Glen Scotia Week comes to an end but most of you probably didn’t notice. Monday’s 11 yo and Wednesday’s 12 yo didn’t exactly get a lot of interest: just about 50 views each so far this week. I doubt today’s 17 yo will attract a lot more attention. Some of this is doubtless down to the fact that my own whisky readership has likely declined in the last couple of years even as my food readership has grown. However, a lot of it is probably down to the low to non-existent profile of Glen Scotia. They’ve never been a distillery with a high profile and the owners’ attempts to raise that profile over the last decade via various ill-conceived branding makeovers has doubtless not helped. It’s also the case that they continue to make a relatively old-school, austere type of whisky that doesn’t perhaps have a natural home in the contemporary whisky geek market which remains focused on whiskies that are either heavily sherried, heavily peated or both. Well, I can’t say I’ve found very many of the not-very many Glen Scotias I’ve had to be very exciting but outside of the official releases I’ve found them all to be interesting departures from the mainstream of Scottish single malt whisky. It would be good, I think, if more whisky geeks expanded their tasting portfolios, so to speak.
Glen Scotia 17, 2002 (55.9%; SMWS 93.140; second-fill barrel; from a bottle split)
Nose: Less austere than the 11 and 12 yo at first with less of the machine shop and instead some smoked fish; not much lemon here either. As it sits though both the lemon and oilier notes show up (more on peppery olive oil than engine grease though) along with carbon paper; and it gets sweeter as well. With more time and air the smoked fish turns into first sweet pipe tobacco and then bacon. With a few drops of water the mineral notes are back on top at first and there’s an earthy bottom note. As it sits it gets quite fruity with peach and apricot; the pipe tobacco comes back stronger too.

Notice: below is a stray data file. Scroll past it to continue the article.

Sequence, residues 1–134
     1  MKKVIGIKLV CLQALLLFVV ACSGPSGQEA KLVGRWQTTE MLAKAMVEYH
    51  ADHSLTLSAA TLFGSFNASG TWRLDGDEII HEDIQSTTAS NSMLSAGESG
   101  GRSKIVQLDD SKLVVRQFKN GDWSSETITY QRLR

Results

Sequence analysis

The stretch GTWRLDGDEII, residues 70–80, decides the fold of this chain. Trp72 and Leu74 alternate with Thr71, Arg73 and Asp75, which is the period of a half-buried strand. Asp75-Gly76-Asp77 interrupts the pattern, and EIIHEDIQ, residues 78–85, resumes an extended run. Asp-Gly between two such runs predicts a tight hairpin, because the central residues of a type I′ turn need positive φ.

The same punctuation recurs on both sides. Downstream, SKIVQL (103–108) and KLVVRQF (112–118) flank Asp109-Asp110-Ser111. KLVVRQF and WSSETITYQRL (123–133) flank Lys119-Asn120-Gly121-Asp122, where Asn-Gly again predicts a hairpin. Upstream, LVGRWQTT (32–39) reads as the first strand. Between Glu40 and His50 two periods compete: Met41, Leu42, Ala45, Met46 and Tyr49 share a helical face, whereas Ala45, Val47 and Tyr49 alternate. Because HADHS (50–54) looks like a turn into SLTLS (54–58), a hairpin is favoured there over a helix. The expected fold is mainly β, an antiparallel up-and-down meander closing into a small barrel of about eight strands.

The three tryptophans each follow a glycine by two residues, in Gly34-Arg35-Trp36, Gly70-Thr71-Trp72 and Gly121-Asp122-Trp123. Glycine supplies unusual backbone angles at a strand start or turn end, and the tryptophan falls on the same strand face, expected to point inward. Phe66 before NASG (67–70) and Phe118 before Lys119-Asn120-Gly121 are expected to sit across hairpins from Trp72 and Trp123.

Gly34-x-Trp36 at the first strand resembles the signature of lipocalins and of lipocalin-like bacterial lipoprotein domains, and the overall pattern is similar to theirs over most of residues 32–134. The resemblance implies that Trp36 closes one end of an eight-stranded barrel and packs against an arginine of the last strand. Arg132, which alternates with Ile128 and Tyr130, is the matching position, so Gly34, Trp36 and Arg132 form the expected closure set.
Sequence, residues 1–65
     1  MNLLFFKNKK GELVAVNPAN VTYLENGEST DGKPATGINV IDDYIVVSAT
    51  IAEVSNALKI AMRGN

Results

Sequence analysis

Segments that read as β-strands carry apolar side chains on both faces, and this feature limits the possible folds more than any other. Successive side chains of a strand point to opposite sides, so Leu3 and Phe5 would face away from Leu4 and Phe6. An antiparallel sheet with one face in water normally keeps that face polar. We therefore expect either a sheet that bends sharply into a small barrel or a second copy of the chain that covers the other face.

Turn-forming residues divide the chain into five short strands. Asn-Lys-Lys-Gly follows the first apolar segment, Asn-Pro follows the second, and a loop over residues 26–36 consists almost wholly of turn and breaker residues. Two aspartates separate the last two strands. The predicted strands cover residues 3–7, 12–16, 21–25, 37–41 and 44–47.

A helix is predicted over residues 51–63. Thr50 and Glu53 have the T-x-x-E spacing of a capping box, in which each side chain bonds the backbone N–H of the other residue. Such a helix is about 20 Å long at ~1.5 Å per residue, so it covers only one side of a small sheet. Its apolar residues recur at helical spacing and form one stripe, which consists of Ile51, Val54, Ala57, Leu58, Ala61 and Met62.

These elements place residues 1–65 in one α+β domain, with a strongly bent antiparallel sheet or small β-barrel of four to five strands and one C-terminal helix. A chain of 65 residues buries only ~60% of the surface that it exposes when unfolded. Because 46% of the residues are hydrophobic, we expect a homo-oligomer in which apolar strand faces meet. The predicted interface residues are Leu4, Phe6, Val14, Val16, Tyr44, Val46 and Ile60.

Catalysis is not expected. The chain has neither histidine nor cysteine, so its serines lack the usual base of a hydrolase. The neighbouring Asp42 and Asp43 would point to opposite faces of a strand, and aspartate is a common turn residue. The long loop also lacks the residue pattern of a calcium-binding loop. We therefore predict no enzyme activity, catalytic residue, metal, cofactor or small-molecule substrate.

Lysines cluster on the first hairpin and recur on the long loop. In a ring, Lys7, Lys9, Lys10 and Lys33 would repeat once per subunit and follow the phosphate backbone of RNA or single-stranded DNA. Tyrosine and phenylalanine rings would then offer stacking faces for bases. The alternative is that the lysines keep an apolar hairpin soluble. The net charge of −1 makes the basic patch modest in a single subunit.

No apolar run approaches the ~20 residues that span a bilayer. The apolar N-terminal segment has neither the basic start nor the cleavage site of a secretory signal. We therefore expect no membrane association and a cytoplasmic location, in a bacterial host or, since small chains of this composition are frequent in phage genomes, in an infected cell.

Palate: Much more austere here with a mix of mineral oil and lemon. Nice texture and a good drinking strength. Sweeter on the second sip with more graphite and hints of sweet tobacco. The bacon never quite shows up here—let’s see if water brings it out. No, but it brings out the sweeter fruit that showed up on the nose and the sweet pipe tobacco runs through it here as well. The lemon gets stronger as it sits and some wet stones show up as well along with cream.
Finish: Long. The tobacco has been lit and extinguished leaving only some char behind. A bit of pepper emerges as well as it fades. More lemon and some cream here too with water.
Comments: Well, I liked this one the most of the three. Very much in line with the others on the whole but with more fruit and better depth of flavours. The nose was my favourite part, especially with water. Is it time for Glen Scotia to emerge from Springbank’s shadow?
Rating: 88 points.